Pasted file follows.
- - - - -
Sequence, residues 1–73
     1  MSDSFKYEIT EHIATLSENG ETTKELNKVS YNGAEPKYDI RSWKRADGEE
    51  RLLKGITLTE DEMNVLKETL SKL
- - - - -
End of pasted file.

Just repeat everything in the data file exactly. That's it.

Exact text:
Sequence, residues 1–73
     1  MSDSFKYEIT EHIATLSENG ETTKELNKVS YNGAEPKYDI RSWKRADGEE
    51  RLLKGITLTE DEMNVLKETL SKL